Medical Ministry


Moderation in Rates

In our sanitariums provision must be made for all classes. The Lord does not call upon our people to establish institutions where all who come can receive food and lodging free, and where the peculiar points of our faith must not be introduced. The Lord has not laid this work upon any Seventh-day Adventist. To do this would be a misuse of time and means. MM 169.4

The accommodation and treatment must be such that patients of the higher class will be attracted. Rooms must be fitted up for the use of those who are willing to pay a liberal price. But physicians are not to place too high an estimate on wealthy patients who can afford to pay high prices; neither is there to be an extravagant outlay of means with a view to gaining patronage. The charges for treatment and accommodations must not be so high that there will be a reluctance to keep to the simple, wholesome food that is essential to health. Ask a reasonable price for the treatment given. This course will recommend itself to all reasonable minds. MM 170.1

To set your price above what is true and honest may be in accordance with the custom of worldly physicians, but it will not redound to the glory of God. It is not His plan, and will not gain His approval. It will have an unfavorable influence upon the world. The charging of such high prices will bring a rebound, and will have an influence altogether different from what is expected. Exorbitant prices should never be charged. MM 170.2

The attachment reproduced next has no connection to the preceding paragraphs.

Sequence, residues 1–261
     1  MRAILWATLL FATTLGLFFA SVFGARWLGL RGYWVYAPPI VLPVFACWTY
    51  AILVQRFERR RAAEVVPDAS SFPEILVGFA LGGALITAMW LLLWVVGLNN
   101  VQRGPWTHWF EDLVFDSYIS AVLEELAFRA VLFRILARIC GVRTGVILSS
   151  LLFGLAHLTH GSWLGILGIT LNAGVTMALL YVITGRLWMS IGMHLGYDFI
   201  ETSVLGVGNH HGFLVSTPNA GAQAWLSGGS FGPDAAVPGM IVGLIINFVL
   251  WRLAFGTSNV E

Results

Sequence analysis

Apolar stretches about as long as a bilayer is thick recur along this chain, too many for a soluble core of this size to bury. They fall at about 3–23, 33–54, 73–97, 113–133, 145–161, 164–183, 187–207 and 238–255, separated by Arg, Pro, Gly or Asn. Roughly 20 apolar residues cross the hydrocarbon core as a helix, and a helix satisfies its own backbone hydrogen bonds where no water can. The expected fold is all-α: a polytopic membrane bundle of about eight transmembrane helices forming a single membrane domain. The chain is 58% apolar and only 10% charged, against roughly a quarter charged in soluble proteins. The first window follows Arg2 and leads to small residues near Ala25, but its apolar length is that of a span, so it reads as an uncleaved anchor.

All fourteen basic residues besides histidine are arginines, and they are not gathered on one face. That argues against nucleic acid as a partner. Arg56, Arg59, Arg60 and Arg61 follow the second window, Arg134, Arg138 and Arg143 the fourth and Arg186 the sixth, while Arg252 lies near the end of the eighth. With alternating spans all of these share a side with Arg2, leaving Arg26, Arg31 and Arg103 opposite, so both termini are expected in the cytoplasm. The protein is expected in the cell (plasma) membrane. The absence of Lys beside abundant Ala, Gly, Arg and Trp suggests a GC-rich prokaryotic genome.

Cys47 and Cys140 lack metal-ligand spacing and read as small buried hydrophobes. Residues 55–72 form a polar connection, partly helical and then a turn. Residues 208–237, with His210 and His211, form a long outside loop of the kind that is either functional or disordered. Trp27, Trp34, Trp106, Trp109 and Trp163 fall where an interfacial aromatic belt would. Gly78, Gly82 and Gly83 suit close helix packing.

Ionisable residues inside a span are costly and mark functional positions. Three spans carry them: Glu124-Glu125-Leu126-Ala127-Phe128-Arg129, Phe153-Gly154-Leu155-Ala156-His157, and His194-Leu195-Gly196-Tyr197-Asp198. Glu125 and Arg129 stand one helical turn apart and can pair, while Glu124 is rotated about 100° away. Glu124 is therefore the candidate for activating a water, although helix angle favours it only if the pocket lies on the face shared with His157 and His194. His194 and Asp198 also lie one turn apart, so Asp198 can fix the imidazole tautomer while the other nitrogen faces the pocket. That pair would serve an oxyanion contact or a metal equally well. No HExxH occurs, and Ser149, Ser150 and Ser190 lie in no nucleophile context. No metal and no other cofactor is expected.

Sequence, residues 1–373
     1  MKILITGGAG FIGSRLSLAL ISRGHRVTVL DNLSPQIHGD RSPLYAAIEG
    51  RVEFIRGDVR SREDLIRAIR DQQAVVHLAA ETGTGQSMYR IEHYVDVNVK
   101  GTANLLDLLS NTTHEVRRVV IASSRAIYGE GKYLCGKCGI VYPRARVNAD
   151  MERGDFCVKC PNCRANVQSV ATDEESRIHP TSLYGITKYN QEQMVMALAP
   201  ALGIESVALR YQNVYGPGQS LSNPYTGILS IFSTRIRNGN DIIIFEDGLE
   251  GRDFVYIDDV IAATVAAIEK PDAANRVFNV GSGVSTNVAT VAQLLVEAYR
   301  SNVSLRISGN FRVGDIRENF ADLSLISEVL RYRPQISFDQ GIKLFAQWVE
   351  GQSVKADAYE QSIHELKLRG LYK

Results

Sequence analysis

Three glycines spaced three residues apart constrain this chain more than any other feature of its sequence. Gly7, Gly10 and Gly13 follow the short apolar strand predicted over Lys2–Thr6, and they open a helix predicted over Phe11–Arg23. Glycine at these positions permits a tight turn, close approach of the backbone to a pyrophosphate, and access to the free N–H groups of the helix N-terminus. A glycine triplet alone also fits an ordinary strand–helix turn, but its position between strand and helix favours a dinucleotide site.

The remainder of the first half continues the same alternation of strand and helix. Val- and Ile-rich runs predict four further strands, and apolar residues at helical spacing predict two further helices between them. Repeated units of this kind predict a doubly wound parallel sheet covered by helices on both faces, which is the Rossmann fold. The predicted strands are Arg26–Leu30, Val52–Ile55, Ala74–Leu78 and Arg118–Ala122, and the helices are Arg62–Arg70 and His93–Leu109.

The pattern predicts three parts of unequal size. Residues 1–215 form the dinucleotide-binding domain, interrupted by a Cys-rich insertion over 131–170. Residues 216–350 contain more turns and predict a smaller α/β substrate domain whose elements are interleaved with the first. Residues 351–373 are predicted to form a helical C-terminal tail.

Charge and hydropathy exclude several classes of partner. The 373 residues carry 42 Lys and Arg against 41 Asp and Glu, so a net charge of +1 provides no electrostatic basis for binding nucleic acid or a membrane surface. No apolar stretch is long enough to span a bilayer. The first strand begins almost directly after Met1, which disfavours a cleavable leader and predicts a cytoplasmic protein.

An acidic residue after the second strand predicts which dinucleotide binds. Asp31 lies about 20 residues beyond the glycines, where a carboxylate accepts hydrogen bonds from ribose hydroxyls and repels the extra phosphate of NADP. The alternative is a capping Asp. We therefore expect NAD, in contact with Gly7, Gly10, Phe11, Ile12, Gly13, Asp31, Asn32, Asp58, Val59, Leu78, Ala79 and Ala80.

A Change Called For

I am commissioned to speak to all who are engaged as physicians in our institutions. A reformation is required in regard to the management of these institutions. They are not to be conducted as the world would conduct them. While many who cannot afford to pay are treated free, others are charged exorbitant prices for operations which take but little time. The charges of worldly physicians are not to rule in our institutions.... MM 170.3

Warnings and cautions have been given on these points from the Lord. He will not bless fraud in any phase of business transaction. The medical profession in general carries a heavy stock of unjust exactions; but shall we copy their sin? We are reformers. We are supposed to be pursuing a course that will represent the character of perfect humanity, the pure, elevated character of Christ. When this is true of us, a well-established purpose of strict integrity in things that are least will be carried by us into the larger responsibilities. Sanctified hearts will always reveal sanctified principles.—Manuscript 169, 1899. MM 170.4